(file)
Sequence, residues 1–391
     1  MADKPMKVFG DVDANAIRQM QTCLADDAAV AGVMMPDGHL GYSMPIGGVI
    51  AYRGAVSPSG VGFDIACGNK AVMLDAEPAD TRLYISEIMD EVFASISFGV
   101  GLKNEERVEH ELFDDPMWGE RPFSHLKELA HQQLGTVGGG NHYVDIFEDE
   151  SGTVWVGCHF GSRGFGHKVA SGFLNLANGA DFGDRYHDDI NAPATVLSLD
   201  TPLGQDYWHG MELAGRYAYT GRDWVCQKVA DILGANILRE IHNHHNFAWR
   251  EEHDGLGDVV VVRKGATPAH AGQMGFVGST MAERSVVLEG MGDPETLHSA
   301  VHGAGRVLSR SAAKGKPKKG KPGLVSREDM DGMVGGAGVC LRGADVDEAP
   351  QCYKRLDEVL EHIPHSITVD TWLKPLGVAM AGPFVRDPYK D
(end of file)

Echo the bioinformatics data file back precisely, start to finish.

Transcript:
Sequence, residues 1–391
     1  MADKPMKVFG DVDANAIRQM QTCLADDAAV AGVMMPDGHL GYSMPIGGVI
    51  AYRGAVSPSG VGFDIACGNK AVMLDAEPAD TRLYISEIMD EVFASISFGV
   101  GLKNEERVEH ELFDDPMWGE RPFSHLKELA HQQLGTVGGG NHYVDIFEDE
   151  SGTVWVGCHF GSRGFGHKVA SGFLNLANGA DFGDRYHDDI NAPATVLSLD
   201  TPLGQDYWHG MELAGRYAYT GRDWVCQKVA DILGANILRE IHNHHNFAWR
   251  EEHDGLGDVV VVRKGATPAH AGQMGFVGST MAERSVVLEG MGDPETLHSA
   301  VHGAGRVLSR SAAKGKPKKG KPGLVSREDM DGMVGGAGVC LRGADVDEAP
   351  QCYKRLDEVL EHIPHSITVD TWLKPLGVAM AGPFVRDPYK D